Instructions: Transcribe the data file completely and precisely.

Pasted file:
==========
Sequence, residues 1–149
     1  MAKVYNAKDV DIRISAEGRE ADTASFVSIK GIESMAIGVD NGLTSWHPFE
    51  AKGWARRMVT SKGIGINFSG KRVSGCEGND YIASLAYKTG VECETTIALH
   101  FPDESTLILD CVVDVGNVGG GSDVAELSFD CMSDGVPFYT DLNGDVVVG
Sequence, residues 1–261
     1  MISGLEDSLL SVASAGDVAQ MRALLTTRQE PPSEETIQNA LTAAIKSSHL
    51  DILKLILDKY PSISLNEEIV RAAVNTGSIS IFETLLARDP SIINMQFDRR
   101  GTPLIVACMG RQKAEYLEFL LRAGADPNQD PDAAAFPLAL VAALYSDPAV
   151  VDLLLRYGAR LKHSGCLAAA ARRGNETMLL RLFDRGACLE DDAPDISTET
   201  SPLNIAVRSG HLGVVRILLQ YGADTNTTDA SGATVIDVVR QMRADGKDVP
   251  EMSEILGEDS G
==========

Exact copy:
Sequence, residues 1–149
     1  MAKVYNAKDV DIRISAEGRE ADTASFVSIK GIESMAIGVD NGLTSWHPFE
    51  AKGWARRMVT SKGIGINFSG KRVSGCEGND YIASLAYKTG VECETTIALH
   101  FPDESTLILD CVVDVGNVGG GSDVAELSFD CMSDGVPFYT DLNGDVVVG
Sequence, residues 1–261
     1  MISGLEDSLL SVASAGDVAQ MRALLTTRQE PPSEETIQNA LTAAIKSSHL
    51  DILKLILDKY PSISLNEEIV RAAVNTGSIS IFETLLARDP SIINMQFDRR
   101  GTPLIVACMG RQKAEYLEFL LRAGADPNQD PDAAAFPLAL VAALYSDPAV
   151  VDLLLRYGAR LKHSGCLAAA ARRGNETMLL RLFDRGACLE DDAPDISTET
   201  SPLNIAVRSG HLGVVRILLQ YGADTNTTDA SGATVIDVVR QMRADGKDVP
   251  EMSEILGEDS G